Expansionary fiscal contraction and the emperor’s clothes

George Osborne's policy of "expansionary fiscal contraction" is based on an economic myth. Britain's current economic circumstances mean it won't work.

George Irvin is a retired professor of economics and is currently (honorary) Professorial Research Fellow in Development Studies at the University of London, SOAS; he is author of “Super Rich: the rise of inequality in Britain and the US”

Various eminent economists – amongst them, Paul Krugman, Joseph Stiglitz and Robert Skidelsky – have attacked ‘deficit hysteria’ as based on weak economic evidence and poor theory. In other words, ‘economically illiterate’. The right-wing of the profession – not just in Britain but in Frankfurt and Washington – has struck back, digging hard into the literature to support their case. The result is the popularisation in Britain of the phrase ‘expansionary fiscal contraction’ – meaning that closing the budget deficit (fiscal contraction) is expansionary. That is to say, the high road to private sector-led growth. Personally, I find the phrase an oxymoron – but let’s examine the evidence.

Advocates of expansionary fiscal contraction (aka, deficit hawks) argue that cutting the public deficit – either by raising taxes or cutting spending or some mix of the two – will free the necessary private sector resources for growth. The shift to private sector led expansion comes about through a combination of lower interest rates boosting private investment, lower public borrowing boosting consumer confidence and, in response to lower interest rates, a lower exchange rate which boosts net exports.

Strong proponents of this position include Harvard’s Alberto Alesina, who has published numerous papers arguing that fiscal contraction can be expansionary even in the short run, and Broadbent and Daly who have recently produced a comprehensive survey paper for Global Economics at Goldman Sachs.

The IMF has reviewed the work by Alesina and comes to the opposite conclusion, namely (in keeping with Keynes) that fiscal contraction makes things worse. First, some of the outcomes examined by Alesina involve fiscal shrinkage in a downturn which is ‘built in’ – i.e. not a matter of deliberate policy. The IMF study looks only at policy driven cases, and finds only two cases (Denmark in 1983 and Ireland in 1987) which support the Alesina thesis.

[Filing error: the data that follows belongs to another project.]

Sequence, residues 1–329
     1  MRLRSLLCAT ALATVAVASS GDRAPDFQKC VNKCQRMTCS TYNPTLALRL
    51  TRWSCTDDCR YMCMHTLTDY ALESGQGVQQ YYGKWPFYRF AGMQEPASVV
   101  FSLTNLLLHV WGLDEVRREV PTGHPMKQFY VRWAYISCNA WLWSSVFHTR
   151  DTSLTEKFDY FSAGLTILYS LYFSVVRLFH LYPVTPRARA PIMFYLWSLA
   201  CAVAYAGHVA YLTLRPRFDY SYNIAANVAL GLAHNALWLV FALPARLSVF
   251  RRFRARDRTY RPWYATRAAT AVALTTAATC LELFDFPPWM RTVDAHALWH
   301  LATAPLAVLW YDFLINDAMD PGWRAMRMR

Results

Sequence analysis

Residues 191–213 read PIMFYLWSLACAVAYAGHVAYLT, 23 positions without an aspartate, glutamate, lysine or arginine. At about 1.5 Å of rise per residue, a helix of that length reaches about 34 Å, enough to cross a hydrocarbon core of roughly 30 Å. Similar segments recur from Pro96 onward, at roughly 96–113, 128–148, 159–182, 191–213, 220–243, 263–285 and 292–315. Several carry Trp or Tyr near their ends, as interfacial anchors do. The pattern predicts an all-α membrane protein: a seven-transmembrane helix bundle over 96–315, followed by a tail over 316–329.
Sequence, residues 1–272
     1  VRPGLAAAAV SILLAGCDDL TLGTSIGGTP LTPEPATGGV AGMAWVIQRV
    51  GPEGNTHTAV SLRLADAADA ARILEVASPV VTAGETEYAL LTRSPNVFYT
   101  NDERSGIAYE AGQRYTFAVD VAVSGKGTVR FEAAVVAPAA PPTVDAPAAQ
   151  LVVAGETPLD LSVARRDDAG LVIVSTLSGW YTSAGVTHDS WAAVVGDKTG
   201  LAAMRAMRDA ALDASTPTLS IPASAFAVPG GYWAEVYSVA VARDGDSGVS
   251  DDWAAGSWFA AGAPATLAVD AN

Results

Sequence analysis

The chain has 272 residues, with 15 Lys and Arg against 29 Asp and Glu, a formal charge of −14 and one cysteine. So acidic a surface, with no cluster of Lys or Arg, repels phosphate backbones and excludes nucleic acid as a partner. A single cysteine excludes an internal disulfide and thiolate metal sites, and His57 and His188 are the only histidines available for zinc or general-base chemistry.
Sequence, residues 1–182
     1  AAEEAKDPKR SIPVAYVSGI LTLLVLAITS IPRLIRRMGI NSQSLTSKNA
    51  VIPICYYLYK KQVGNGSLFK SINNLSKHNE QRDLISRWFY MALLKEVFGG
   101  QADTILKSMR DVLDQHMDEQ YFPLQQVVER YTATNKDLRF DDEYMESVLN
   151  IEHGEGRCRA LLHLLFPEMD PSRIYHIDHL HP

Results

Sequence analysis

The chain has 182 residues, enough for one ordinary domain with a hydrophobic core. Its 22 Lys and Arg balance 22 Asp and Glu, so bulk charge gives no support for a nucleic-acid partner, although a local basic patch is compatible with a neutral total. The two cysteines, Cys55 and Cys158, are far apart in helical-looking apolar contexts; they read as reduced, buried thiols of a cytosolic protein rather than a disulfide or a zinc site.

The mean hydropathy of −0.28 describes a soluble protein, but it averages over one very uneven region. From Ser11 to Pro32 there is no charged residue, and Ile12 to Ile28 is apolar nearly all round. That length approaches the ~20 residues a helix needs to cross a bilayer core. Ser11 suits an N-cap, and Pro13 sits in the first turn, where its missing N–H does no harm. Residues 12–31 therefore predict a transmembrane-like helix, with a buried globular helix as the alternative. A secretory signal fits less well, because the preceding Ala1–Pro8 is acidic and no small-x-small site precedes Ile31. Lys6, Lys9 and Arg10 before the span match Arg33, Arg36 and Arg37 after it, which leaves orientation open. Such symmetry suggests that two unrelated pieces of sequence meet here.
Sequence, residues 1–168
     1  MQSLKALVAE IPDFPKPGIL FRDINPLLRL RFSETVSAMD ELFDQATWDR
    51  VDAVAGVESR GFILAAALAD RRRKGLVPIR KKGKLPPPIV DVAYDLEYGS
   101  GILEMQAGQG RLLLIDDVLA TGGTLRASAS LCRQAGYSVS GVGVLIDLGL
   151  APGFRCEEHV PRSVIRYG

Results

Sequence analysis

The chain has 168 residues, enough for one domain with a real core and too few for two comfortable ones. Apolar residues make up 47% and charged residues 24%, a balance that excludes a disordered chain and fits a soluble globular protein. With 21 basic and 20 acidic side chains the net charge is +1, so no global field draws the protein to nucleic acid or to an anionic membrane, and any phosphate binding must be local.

The IMF concludes:

“Fiscal consolidation typically has a contractionary effect on output. A fiscal consolidation equal to 1 percent of GDP typically reduces GDP by about 0.5 percent within two years and raises the unemployment rate by about 0.3 percentage point. Domestic demand—consumption and investment—falls by about 1 percent.”

The more recent paper for Goldman Sachs covers a wider sample. Its authors examine 44 cases of fiscal adjustment in OECD countries over 35 years. Their central argument is that in the 11 cases out of 44 that involved mainly spending cuts, expansion resulted because sharply lower interest rates meant bond yields fell, in turn causing equity prices to rise. The implication is that an asset price rally (stock market, house prices, etc) resulting from lower interest rates restores consumer confidence, boosts investment, and leads to growth. This is the economic logic behind Osborne’s spending cuts and those of other ‘deficit hawk’ governments. More generally, it is the logic behind loosening monetary policy to boost growth while imposing a fiscal contraction.

Having identified the mechanism – economists will recognise it as ‘Ricardian equivalence’ in another guise – one needs to ask hard questions about whether such a mechanism will work under current circumstances in Britain. One objection to the Goldman Sachs view (GS) is pointed out in the excellent piece by Dean Baker cited above. Namely, that in most of the 11 cases, the countries were operating close to potential output (i.e. close to ‘non-inflationary full employment’, or what some economists like to call NAIRU). In Baker’s words:

“In only 6 of the 29 fiscal adjustments that were tax driven was the gap between potential and actual GDP even as large as one percentage point. In only two instances, Netherlands (1983) and Norway (2004-06), were the gaps more than two percentage points of GDP …

“The story is a bit different with the expenditure-driven adjustments. In five of the ten adjustments for which there is data, the output gap was more than one percentage point of GDP at the beginning of the adjustment. In [only] four of these five cases the gap was more than two percentage points of GDP .. Finland (1996-2000), [The] Netherlands (1996), Norway (1994-95), and Sweden (1994-98).”